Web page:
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What makes a good ceviche?

Throughout South America, various countries have their own unique interpretations of ceviche, but the essence remains the same - it's a dish that celebrates the natural flavours of quality seafood and the artful balance of tangy citrus juices.

Shitake (Ve) ceviche at Crudo

Ceviche is a traditional South American delicacy that boasts a refreshing blend of fresh seafood and vibrant flavours. We'll be delving into the key factors that define a good ceviche, backed by culinary knowledge and expertise - a.k.a Crudo's head chef!

Freshness is king

At the heart of a good ceviche lies the freshest of ingredients. Opt for high-quality, sustainably sourced seafood like fresh fish, shrimp, or scallops. When preparing ceviche, the seafood is essentially "cooked" by the acid in the marinade or leche de tigre, so starting with the best catch is the foundation for a a flavourful result.

Select the right seafood

Seafood, or feature ingredient actually. If we are talking fish and seafood, aside from quality, the type of fish you use will have a huge impact on the texture and flavour of your ceviche. Delicate white fish like sea bass is a great starting point but fattier fish like salmon and tuna also lend themselves to punchy citrus marinades. For those that want a vegan or vegetarian option, the Vegano bowl at Crudo uses Chickpea as its primary protein. We treat it exactly as we would a piece of fish - infusing flavour and making it just as exciting as our Classico or Nikkei.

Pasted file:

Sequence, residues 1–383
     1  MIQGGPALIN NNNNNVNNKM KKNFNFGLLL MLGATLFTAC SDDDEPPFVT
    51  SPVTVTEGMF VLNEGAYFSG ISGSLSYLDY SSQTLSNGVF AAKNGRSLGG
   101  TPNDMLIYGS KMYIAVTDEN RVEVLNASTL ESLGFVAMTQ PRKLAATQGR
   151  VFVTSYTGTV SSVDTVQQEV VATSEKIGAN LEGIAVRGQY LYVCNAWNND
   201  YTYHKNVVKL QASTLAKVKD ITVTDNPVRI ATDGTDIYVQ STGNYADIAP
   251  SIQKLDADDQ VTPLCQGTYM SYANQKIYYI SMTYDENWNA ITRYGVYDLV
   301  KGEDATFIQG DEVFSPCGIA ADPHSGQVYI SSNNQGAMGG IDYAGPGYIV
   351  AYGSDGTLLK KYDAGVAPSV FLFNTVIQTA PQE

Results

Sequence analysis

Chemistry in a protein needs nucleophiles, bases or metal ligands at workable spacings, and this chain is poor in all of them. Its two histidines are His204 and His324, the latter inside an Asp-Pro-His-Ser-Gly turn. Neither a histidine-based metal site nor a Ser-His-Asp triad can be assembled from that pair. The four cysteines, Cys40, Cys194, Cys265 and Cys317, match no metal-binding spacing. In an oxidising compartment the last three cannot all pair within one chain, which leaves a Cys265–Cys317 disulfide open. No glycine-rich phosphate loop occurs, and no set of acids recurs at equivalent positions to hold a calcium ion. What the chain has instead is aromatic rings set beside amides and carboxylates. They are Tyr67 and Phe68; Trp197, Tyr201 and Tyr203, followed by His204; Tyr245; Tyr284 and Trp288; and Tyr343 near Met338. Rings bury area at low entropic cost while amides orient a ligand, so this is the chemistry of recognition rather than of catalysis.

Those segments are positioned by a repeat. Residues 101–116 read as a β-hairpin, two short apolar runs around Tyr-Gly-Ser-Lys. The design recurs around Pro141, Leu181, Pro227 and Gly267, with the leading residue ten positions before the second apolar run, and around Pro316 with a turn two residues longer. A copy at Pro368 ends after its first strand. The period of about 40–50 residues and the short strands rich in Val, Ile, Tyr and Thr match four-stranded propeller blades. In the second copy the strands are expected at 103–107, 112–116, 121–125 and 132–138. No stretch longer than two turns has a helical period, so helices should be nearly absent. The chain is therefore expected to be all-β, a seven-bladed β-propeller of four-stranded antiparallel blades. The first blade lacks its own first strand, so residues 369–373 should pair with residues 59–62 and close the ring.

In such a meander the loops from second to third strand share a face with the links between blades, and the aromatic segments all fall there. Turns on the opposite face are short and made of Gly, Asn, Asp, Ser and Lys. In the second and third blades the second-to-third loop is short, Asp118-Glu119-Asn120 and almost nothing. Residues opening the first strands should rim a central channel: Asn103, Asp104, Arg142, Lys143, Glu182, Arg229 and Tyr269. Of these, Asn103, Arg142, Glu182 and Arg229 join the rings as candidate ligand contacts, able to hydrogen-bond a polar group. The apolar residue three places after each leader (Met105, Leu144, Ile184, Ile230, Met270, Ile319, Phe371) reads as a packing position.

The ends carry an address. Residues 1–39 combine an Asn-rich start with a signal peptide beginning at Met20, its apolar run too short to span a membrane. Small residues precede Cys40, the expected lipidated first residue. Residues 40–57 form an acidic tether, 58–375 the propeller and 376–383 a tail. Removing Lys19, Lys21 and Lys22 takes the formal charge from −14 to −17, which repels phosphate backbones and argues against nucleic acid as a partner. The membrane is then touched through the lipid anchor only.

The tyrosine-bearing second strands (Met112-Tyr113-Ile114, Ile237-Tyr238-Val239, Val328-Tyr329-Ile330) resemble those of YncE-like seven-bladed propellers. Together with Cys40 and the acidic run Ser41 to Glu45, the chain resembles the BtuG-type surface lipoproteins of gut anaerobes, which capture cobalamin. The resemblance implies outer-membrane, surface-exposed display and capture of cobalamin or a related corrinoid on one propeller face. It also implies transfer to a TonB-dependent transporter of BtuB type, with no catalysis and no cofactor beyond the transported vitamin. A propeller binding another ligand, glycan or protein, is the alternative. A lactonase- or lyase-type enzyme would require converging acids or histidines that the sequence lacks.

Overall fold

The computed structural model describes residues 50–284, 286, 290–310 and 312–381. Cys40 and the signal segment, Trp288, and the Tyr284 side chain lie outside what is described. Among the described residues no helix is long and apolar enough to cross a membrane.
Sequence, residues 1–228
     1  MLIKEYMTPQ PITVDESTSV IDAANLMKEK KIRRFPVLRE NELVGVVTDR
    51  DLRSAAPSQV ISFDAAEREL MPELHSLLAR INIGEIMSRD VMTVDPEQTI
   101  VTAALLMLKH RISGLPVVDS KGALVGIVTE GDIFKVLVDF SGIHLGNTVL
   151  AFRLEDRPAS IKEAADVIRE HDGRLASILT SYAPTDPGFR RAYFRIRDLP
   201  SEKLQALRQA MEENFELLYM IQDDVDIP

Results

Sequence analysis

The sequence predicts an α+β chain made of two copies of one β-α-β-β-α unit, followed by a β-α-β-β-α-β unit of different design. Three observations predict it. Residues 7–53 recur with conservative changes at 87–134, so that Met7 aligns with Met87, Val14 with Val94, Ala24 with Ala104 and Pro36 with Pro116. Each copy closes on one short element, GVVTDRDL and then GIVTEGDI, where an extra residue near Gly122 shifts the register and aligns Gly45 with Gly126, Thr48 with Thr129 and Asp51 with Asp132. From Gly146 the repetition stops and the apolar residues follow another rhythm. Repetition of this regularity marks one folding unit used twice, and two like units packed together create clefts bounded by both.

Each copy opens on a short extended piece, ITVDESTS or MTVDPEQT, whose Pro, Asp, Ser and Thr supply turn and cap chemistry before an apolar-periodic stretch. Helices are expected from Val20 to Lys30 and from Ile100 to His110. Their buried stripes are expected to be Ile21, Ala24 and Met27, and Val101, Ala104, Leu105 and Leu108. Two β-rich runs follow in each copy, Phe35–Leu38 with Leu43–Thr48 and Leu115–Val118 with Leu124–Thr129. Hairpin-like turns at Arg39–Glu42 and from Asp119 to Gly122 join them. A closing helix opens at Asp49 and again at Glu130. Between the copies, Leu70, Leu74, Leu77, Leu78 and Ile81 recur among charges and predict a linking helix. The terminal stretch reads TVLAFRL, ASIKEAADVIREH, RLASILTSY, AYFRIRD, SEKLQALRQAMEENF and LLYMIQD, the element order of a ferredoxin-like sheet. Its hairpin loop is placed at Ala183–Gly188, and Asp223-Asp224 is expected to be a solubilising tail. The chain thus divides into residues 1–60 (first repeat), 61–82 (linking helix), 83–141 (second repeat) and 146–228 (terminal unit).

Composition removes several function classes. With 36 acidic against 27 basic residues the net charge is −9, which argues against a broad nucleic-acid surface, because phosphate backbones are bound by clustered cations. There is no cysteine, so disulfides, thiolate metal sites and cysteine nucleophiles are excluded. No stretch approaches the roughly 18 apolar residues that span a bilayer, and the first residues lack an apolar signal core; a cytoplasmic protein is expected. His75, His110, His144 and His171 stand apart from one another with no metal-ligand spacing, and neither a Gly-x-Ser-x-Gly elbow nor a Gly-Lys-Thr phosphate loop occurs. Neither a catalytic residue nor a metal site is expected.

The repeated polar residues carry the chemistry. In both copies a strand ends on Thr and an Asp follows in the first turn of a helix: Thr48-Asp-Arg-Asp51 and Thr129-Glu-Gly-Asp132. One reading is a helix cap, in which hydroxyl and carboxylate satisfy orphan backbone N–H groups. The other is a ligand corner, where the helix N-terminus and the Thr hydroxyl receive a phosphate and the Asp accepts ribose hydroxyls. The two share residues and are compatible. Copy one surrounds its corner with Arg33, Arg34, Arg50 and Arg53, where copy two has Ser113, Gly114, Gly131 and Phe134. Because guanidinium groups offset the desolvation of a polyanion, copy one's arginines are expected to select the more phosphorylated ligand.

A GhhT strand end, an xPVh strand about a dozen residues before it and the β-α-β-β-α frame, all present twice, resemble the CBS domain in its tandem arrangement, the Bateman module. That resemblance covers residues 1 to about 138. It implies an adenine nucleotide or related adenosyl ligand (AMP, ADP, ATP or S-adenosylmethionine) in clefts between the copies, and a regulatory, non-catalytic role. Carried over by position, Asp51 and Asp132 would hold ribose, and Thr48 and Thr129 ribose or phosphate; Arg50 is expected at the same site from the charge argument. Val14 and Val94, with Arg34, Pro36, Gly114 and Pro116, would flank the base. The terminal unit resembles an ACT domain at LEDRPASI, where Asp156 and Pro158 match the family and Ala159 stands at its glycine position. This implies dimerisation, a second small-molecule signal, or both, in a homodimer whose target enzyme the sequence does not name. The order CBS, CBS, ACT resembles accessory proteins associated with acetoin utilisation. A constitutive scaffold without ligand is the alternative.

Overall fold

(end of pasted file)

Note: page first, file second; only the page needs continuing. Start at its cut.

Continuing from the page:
Master that marinade

When making ceviche there’s a sweet spot between over-marinated and under-marinated. Leave your fish in for too long and it will disintegrate. Not long enough and it won’t have the right flavour profile. Then there’s what you actually put in the marinade. There isn’t a hard and fast rule to what you have to put in a ceviche, but it’s basically citrus and seasoning. Peruvian marinades, or Leche de Tigre is made up of lime juice, raw onions, chilis, garlic whilst a Nikkei ceviche (Japanese-Peruvian), adds another layer of variation with with soy sauce, togarashi, ponzu and/or sesame oil. Lastly, you don't want to over squeeze the limes, if using. This releases a bitter flavour that we want to avoid in a ceviche. We are looking for a tangy citrus taste.

Top it off with tasty toppings

Part of what makes a ceviche delicious and beautiful to look at, is how you dress it. Peruvian iterations include cancha corn, cooked sweet potato, and green herbs such as coriander that play nicely with the dish's refreshing flavors. At Crudo, some of ceviches come with generous helping of avocado, plantain chips, crispy onions or edamames.

A good ceviche is a culinary masterpiece that celebrates the harmony of fresh ingredients, bold flavours, and artistic presentation. The key lies in selecting the finest seafood, mastering the art of marination, and embracing the delightful toppings that elevate the dish to a gastronomic delight. ¡Buen provecho!


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